I was interested to read an article in the new September 2008 edition of the Economic & Labour Market Review suggesting that the 2006 increase of the national minimum wage had no negative effect on job retention amongst the workers affected.
Common consensus from those against the NMW is that an increase in the wages of the lowest paid would lead to redundancies, but this report suggests that, of the data collected using the UK Labour Force Survey, there was no statistical difference in terms of employment exit before and after the introduction of the NMW in October 2006.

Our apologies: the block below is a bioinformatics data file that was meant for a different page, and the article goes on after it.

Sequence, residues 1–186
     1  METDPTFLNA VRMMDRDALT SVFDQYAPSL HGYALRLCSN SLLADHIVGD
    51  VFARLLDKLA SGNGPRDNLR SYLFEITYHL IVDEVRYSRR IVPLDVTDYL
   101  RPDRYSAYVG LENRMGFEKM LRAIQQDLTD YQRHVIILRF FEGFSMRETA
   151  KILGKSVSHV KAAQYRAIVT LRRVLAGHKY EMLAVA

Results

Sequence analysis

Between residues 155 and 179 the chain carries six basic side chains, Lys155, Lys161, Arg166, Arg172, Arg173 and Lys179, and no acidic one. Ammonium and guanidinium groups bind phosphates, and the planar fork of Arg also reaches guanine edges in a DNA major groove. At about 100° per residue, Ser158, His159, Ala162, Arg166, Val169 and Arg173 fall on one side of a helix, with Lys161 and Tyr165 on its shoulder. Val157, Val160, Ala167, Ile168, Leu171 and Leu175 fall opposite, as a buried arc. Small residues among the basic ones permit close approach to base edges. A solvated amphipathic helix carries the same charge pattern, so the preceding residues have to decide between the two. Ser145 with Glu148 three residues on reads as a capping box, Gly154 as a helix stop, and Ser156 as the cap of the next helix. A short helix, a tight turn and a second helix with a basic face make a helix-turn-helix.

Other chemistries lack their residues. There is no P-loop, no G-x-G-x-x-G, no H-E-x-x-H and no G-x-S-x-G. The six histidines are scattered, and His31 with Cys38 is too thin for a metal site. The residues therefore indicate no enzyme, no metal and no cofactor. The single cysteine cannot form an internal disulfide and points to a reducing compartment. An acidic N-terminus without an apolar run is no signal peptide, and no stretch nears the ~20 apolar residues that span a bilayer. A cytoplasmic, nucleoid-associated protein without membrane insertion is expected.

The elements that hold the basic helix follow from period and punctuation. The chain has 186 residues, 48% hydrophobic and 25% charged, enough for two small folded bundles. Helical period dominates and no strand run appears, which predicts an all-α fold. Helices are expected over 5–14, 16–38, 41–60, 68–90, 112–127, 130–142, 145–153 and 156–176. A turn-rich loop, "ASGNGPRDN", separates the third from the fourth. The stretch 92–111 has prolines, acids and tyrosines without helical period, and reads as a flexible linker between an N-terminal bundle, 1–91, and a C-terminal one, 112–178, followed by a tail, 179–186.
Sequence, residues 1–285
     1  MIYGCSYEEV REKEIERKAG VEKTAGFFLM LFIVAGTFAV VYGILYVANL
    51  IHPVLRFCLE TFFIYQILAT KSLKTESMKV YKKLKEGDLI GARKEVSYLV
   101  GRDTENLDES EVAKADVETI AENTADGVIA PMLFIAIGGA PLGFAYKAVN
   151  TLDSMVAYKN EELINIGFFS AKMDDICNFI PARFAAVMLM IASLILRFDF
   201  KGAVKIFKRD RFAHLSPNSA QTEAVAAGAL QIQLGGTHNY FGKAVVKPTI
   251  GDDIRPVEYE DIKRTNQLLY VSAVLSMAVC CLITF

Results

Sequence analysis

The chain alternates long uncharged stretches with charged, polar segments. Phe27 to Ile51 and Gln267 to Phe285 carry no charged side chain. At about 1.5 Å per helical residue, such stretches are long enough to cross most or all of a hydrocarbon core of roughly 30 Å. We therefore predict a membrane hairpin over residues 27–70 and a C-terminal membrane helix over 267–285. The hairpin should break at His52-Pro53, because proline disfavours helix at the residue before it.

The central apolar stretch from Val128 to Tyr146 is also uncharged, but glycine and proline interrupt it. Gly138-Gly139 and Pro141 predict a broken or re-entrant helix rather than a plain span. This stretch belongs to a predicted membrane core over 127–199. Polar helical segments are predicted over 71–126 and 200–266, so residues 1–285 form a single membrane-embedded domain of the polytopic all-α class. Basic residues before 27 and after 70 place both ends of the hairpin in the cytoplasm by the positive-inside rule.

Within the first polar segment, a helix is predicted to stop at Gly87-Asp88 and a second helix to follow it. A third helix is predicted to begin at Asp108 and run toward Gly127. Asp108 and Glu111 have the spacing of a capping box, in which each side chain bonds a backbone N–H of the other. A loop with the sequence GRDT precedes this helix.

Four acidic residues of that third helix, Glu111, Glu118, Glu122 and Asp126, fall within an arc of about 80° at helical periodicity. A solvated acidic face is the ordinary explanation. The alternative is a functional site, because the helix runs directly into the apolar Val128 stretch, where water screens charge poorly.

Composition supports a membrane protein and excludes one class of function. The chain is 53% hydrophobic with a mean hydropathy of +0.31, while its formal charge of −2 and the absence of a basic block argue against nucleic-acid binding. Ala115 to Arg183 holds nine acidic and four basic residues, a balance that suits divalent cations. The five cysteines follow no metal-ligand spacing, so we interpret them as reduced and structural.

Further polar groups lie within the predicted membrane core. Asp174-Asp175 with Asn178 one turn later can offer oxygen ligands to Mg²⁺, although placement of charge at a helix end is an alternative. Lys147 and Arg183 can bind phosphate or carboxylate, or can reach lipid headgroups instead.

In fact, the report actually suggests that men were less likely to lose or change jobs as a result of the NMW – the higher wages across the board meaning a less pressing need to move from company to company in search of a better pay.
As a party of social justice Plaid is a strong believer in the rights of workers to be paid a fair living wage and this report clearly shows that the nay-sayers were wrong in their assumptions about the effects of a National Minimum Wage and its most recent increase.
Now, though, we need strong government action to make sure that this group of people are not the first, or should that be next, to feel the brunt of the economic crisis to which their flawed economic policies left us vulnerable.